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Thinking Big, Saving Big


You're brown-bagging your lunch, but it doesn't seem like you have much extra cash in your wallet. While it's fine to pinch pennies, say personal finance consultants, to save big bucks, you have to think bigger.

You’ve given up your morning coffee-and-danish and you’re brown-bagging your lunch, but it doesn’t seem like you have a lot more cash in your wallet than you did when you weren’t pinching pennies. While it’s fine to pinch pennies, say personal finance consultants, to save big bucks, you have to think bigger.

The first place to look for savings is your car. Start by not buying a new car, which will lose almost half its value over the next three years. By letting the first buyer absorb that loss, you can pick up a three-year-old set of wheels in good condition for thousands of dollars less than you’d pay for a new one. If you’re already driving a car that’s more than three years old, hang on to it if it’s in good shape.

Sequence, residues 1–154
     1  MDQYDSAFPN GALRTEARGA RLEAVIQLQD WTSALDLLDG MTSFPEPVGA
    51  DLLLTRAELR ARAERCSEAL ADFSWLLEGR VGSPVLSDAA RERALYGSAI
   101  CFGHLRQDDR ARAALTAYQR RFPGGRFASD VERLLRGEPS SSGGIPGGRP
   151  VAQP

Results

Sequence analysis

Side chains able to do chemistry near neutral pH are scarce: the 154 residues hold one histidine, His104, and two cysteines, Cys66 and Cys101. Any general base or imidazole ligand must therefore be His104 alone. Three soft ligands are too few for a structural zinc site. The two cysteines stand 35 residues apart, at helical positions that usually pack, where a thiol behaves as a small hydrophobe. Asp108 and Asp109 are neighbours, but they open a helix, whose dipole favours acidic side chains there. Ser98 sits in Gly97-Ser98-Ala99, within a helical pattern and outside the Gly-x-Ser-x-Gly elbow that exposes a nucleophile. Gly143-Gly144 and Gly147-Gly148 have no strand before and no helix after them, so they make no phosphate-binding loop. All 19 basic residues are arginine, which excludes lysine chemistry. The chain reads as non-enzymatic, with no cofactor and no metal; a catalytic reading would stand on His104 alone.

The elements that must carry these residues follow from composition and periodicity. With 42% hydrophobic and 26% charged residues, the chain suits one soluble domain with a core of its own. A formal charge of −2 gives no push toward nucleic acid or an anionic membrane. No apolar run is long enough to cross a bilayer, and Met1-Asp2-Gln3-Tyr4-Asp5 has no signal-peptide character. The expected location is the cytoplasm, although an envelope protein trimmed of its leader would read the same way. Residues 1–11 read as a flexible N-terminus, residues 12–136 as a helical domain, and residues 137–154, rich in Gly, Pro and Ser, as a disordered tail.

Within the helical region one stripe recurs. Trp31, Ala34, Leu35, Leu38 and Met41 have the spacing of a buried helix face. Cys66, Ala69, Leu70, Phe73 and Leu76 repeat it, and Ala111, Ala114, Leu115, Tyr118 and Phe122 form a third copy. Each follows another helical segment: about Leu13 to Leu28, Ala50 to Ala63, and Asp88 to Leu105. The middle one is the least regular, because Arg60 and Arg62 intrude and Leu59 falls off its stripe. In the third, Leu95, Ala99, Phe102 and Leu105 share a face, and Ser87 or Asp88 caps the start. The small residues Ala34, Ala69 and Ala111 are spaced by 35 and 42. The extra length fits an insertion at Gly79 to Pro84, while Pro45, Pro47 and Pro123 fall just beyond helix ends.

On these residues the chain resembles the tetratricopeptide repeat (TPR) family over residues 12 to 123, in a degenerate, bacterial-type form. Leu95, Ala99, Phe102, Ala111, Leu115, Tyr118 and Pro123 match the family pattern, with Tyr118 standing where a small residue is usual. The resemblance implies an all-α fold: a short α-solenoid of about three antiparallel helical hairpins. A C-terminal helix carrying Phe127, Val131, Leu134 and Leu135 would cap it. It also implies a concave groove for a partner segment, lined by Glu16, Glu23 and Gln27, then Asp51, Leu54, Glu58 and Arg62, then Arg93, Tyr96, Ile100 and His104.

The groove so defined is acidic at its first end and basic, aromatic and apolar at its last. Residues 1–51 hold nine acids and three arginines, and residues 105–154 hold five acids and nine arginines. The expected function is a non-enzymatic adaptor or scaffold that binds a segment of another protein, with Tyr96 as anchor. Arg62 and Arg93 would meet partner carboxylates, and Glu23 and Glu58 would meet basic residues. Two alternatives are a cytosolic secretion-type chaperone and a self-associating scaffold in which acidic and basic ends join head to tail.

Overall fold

Loan payments on a $15,000 car you bought in 2007 are most likely north of $400 a month, which could fatten up your bank account nicely if you started to put that money away once your loan is up. Car insurance is another place to save. Upping your collision deductible can slash your insurance bill by as much as 10% to 30%.

Paying down credit card debt to save on sky-high interest charges is a no-brainer. Making the minimum payment on $10,000 worth of debt at 15% will cost you $1,500 or more a year in interest, not to mention that it will take you decades to pay it off. Some consumer gurus suggest making two payments a month instead of one, which will reduce your balance faster and lower the interest you pay on it. It’s also the equivalent of making one extra payment a year, which will help you pay down the debt in less time.

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Victor J. Dzau, MD, gives expert advice
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